Morning Briefing: 10 Things You Should Know

NEW YORK ( TheStreet) -- Here are 10 things you should know for Monday, April 1:

1. -- U.S. stock futures were slightly lower on Monday ahead of the Institute for Supply Management's manufacturing survey for March.

European markets were closed Monday.

Japan's Nikkei 225 index fell 2.1% after a central bank survey showed a smaller-than-expected improvement in business sentiment.

2. -- The economic calendar in the U.S. Monday includes the ISm Index for March at 10 a.m. EDT, and construction spending and factory orders for February at 10 a.m.

3. -- U.S. stocks on Thursday finished with gains and the S&P 500 reached a record closing high on the final trading day of the quarter.

The S&P 500 climbed 0.4% to close at 1569.19, trumping its former record of 1,565.15 reached on Oct. 9, 2007.

The Dow Jones Industrial Average gained 0.36% to 14,578.54. The Nasdaq added 0.34% to 3,267.52.

U.S. markets were closed Friday.

4. -- BlackBerry ( BBRY) shares slipped 0.8% on Thursday to $14.44 despite surprising Wall Street with a fourth-quarter profit.

The smartphone maker earned 22 cents a share on revenue of $2.7 billion during the quarter. Analysts were looking for BlackBerry, formerly known as Research In Motion, to lose 29 cents a share on revenue of $2.84 billion.

The company said it shipped 6 million BlackBerry smartphones, including 1 million BlackBerry 10 smartphones and 370,000 PlayBook tablets, during the quarter.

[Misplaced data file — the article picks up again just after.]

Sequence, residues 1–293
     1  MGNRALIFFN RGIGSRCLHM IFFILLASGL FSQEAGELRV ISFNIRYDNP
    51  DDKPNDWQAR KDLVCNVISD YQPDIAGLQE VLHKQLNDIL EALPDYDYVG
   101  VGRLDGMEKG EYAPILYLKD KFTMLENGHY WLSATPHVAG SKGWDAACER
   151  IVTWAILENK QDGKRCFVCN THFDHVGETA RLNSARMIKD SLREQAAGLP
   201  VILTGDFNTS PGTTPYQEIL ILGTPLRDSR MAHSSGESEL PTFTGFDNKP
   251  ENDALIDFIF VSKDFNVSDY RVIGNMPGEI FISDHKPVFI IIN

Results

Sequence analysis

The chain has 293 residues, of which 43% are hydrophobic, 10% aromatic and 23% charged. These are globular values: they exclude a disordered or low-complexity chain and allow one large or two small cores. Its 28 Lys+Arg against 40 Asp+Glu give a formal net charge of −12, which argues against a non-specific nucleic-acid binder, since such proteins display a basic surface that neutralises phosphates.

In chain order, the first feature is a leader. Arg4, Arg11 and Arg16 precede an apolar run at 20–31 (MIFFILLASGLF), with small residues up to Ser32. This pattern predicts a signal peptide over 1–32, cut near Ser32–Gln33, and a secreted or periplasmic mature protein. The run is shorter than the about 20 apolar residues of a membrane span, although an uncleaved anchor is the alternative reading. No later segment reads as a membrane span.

BlackBerry shares rose 22% in the first quarter.

5. -- Dell ( DELL) founder Michael Dell will only consider backing a buyout by Blackstone Group ( BX) if the private-equity firm guarantees he can remain as CEO, Bloomberg reported, citing a person familiar with the discussions.

6. -- Analog Devices ( ADI) said CEO Jerald Fishman, 67, died following an apparent heart attack Thursday night.

The chipmaker said Friday that President Vincent Roche has been appointed CEO on an interim basis.

7. -- India's Supreme Court on Monday rejected Novartis' ( NVS) attempt to patent an updated version of cancer drug Glivec.

Novartis argued that it needed a patent to protect its investment in the drug while activists said the drug didn't merit intellectual property protection in India because it was not a new medicine, The Associated Press reported.

8. -- Michael Steinberg, a senior portfolio manager for SAC Capital Advisors, was arrested Friday, accused of joining an insider trading conspiracy that the government said made more than $6 million illegally for the investment company founded by businessman Steven A. Cohen.

Steinberg pleaded not guilty Friday to the insider trading charges.

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